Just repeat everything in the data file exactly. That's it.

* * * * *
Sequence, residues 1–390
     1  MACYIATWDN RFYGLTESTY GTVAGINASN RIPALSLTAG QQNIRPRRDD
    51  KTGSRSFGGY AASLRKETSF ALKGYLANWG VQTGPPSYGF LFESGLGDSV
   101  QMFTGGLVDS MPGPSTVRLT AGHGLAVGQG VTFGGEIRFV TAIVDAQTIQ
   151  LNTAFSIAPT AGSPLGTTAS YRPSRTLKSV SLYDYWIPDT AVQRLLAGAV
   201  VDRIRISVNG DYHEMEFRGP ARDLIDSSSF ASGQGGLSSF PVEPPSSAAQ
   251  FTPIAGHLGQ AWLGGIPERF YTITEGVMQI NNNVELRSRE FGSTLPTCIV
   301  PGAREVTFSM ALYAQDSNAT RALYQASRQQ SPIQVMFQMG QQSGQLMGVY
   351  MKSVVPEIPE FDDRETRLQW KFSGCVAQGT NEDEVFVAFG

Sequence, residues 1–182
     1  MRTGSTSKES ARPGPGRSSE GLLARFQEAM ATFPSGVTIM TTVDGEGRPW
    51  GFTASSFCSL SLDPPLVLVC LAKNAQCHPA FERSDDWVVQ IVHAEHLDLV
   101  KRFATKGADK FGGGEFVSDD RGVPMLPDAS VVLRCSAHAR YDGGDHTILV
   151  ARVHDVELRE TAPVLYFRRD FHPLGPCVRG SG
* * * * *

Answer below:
Sequence, residues 1–390
     1  MACYIATWDN RFYGLTESTY GTVAGINASN RIPALSLTAG QQNIRPRRDD
    51  KTGSRSFGGY AASLRKETSF ALKGYLANWG VQTGPPSYGF LFESGLGDSV
   101  QMFTGGLVDS MPGPSTVRLT AGHGLAVGQG VTFGGEIRFV TAIVDAQTIQ
   151  LNTAFSIAPT AGSPLGTTAS YRPSRTLKSV SLYDYWIPDT AVQRLLAGAV
   201  VDRIRISVNG DYHEMEFRGP ARDLIDSSSF ASGQGGLSSF PVEPPSSAAQ
   251  FTPIAGHLGQ AWLGGIPERF YTITEGVMQI NNNVELRSRE FGSTLPTCIV
   301  PGAREVTFSM ALYAQDSNAT RALYQASRQQ SPIQVMFQMG QQSGQLMGVY
   351  MKSVVPEIPE FDDRETRLQW KFSGCVAQGT NEDEVFVAFG

Sequence, residues 1–182
     1  MRTGSTSKES ARPGPGRSSE GLLARFQEAM ATFPSGVTIM TTVDGEGRPW
    51  GFTASSFCSL SLDPPLVLVC LAKNAQCHPA FERSDDWVVQ IVHAEHLDLV
   101  KRFATKGADK FGGGEFVSDD RGVPMLPDAS VVLRCSAHAR YDGGDHTILV
   151  ARVHDVELRE TAPVLYFRRD FHPLGPCVRG SG